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Much has been made of Giannis Antetokounmpo’s key block in Game 4 of the 2021 NBA Finals against the Phoenix Suns. LeBron James’ rejection of Andre Iguodala in Game 7 of the 2016 Finals against the Golden State Warriors will forever be a highlight. Blocks might not be the most significant NBA stat, but they can certainly be a game-changer. 

While points, assists, and rebounds get all the glory, blocks are an afterthought until a play from the Greek Freak or King James in the national spotlight gains the headlines. What player sits atop the list of most blocks in NBA history?

Bill Russell, Wilt Chamberlain considered the best shot-blockers in NBA history but aren’t among the all-time leaders

Bill Russell of the Celtics turns a deaf ear on Wilt Chamberlain of the 76ers and has to be restrained by referee John Vanak away from Chamberlain. | Getty Images.

Boston Celtics legend Bill Russell is widely considered the best defensive center in NBA history. Russell spent 13 years in the NBA — all with the Celtics, who acquired him from the St. Louis Hawks in 1956. Russell won 11 championships as a player with the Celtics. He also was a 12-time All-Star and five-time MVP winner.

Russell retired from the league after the 1968-69 season. Blocks, however, weren’t an official stat until the 1973-74 season. According to Bleacher Report, some official scorers and sportswriters would chart the number of blocks Russell and Wilt Chamberlain had during their games because both frequently swatted away shot attempts. Some writers even believe Chamberlain may have had as many blocks as Russell. Chamberlain retired the year before blocks were an official stat.

In his first NBA game against the New York Knicks, press reports had Chamberlain blocking 17 shots to go along with his 43 points and 28 rebounds. Bleacher Report states referees who officiated their games claimed both Russell and Chamberlain averaged six to eight blocks per game.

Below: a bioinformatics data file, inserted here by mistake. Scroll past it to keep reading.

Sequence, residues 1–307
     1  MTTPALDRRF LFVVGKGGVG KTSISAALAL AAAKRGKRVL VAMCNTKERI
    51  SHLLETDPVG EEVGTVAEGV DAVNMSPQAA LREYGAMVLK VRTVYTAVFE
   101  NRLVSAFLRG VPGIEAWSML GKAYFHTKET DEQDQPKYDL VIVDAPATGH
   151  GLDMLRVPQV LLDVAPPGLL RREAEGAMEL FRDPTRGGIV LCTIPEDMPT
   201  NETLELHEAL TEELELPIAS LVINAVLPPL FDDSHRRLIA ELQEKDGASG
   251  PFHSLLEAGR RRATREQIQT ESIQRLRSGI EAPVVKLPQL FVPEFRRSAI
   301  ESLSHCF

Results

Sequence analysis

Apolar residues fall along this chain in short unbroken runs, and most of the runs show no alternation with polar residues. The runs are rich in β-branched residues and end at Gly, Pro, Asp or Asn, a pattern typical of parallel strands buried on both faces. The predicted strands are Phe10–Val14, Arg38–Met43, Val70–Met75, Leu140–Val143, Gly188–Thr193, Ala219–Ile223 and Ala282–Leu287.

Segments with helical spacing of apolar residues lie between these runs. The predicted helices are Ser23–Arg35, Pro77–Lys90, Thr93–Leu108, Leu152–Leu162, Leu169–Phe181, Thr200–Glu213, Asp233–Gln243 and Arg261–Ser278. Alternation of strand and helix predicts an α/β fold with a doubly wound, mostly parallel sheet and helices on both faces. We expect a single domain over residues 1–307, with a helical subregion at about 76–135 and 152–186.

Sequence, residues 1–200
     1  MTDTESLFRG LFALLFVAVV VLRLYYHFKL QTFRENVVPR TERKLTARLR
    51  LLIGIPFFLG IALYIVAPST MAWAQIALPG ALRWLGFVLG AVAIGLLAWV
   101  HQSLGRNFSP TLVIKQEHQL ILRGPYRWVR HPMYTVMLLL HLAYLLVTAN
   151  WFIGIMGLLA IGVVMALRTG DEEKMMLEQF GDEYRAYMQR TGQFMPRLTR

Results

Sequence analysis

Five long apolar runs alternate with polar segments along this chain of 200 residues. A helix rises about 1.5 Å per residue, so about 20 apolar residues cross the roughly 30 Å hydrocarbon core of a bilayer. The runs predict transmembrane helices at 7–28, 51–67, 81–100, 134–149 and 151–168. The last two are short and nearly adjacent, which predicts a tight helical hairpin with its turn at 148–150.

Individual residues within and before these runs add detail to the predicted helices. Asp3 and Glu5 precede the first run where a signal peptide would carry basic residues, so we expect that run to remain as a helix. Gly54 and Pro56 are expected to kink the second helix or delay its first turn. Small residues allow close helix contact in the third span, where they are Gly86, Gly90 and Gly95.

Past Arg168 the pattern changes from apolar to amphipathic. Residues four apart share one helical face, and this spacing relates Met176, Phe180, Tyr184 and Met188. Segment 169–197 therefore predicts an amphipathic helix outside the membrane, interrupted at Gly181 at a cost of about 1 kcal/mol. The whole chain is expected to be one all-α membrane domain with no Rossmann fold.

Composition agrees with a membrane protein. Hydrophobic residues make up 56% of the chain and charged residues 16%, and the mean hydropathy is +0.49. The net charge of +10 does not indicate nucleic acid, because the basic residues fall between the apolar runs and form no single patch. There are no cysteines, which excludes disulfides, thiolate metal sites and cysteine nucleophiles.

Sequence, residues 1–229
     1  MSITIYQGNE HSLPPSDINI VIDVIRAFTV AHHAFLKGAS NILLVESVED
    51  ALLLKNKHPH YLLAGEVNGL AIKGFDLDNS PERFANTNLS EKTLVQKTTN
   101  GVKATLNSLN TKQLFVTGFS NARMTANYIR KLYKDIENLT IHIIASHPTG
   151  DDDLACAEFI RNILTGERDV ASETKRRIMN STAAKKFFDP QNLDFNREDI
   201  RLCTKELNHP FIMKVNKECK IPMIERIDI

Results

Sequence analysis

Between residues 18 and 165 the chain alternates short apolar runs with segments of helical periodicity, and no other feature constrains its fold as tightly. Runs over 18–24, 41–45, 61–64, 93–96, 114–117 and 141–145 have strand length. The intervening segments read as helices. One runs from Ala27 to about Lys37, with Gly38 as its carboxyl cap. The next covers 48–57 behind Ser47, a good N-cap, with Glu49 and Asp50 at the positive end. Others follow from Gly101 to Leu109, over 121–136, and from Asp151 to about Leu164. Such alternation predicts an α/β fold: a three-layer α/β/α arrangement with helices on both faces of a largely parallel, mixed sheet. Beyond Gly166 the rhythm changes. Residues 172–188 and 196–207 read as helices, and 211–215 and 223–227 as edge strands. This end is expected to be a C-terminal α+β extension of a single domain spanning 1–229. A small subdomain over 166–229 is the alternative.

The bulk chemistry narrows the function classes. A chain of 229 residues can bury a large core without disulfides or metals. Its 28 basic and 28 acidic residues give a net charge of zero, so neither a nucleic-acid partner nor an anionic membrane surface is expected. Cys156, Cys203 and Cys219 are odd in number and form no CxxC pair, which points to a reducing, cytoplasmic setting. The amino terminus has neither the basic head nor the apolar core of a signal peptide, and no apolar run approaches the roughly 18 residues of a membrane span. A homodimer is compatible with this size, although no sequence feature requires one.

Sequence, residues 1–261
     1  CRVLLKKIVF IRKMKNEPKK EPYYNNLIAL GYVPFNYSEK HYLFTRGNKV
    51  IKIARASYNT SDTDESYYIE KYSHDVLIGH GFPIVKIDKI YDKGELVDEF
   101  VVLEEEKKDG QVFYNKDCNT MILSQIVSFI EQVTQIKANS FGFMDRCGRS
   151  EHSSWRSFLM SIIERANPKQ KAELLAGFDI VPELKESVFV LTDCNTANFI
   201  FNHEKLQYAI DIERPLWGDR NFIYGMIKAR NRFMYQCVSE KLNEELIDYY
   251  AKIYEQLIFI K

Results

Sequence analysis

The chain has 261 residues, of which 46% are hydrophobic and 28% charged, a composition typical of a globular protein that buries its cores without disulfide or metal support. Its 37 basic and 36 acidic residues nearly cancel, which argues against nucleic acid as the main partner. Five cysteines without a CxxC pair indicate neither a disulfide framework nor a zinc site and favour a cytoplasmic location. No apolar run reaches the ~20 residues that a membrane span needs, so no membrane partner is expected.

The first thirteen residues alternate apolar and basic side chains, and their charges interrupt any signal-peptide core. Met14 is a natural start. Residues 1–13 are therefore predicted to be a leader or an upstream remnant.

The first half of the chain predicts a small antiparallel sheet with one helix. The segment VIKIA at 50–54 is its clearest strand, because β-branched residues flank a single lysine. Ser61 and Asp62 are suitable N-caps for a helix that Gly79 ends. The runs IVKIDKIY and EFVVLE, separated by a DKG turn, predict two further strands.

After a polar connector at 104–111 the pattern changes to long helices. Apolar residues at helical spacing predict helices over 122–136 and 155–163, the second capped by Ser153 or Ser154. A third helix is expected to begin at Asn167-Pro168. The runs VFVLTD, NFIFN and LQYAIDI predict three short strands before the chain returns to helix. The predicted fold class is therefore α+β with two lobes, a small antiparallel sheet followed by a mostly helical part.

Hakeem Olajuwon is the official all-time blocks leader

While Russell and Chamberlain racked up more blocks in their illustrious careers, the NBA doesn’t recognize them in the record books in that category. According to the NBA’s “official” blocks list, only six players have eclipsed the 3,000-block mark in their careers,

Leading the way is former Houston Rockets center Hakeem Olajuwon, who racked up 3,830 blocks in his 18 years in the NBA. Three times, Olajuwon led the league in swats, averaging a career-best 4.6 swats during the 1989-90 season. He repeated as blocks champ the following season, putting up 3.9.

For his career, Olajuwon, a 12-time All-Star and 2008 Naismith Memorial Basketball Hall of Fame inductee, averaged 3.1 blocks.

Olajuwon has 541 more blocks than Dikembe Mutombo, who has 3,289 and sits second on the all-time list. Kareem Abdul-Jabbar ranks third with 3,189. Rounding out the top six are Artis Gilmore (3,178), Mark Eaton (3,064), and Tim Duncan 3,020.

While Olajuwon is No. 1, Russell and Chamberlain were the best


Bill Russell Was Tough but Not Nearly as Tough as Getting His Autograph

Russell and Chamberlain are the unofficial blocks leaders, yet the two had distinctly different styles when altering their opponents’ shots. Chamberlain was more athletic and had much more flair while swatting shots. Russell always seemed to have a plan, often blocking a shot and coming down with the ball himself.

Russell also had a strong mental game. He tried to make his opponent alter his own shot.

“Basketball is a game that involves a great deal of psychology,” Russell said during the early part of the 1963 season, according to Sports Illustrated. “The psychology in defense is not blocking a shot or stealing a pass or getting the ball away. The psychology is to make the offensive team deviate from their normal habits.

“This is a game of habits, and the player with the most consistent habits is the best. What I try to do on defense is to make the offensive man do not what he wants but what I want.”

Olajuwon may be the official No. 1 blocker, but Russell and Chamberlain were the ones who perfected the block before it even became a statistic.

All statistics courtesy of Basketball Reference.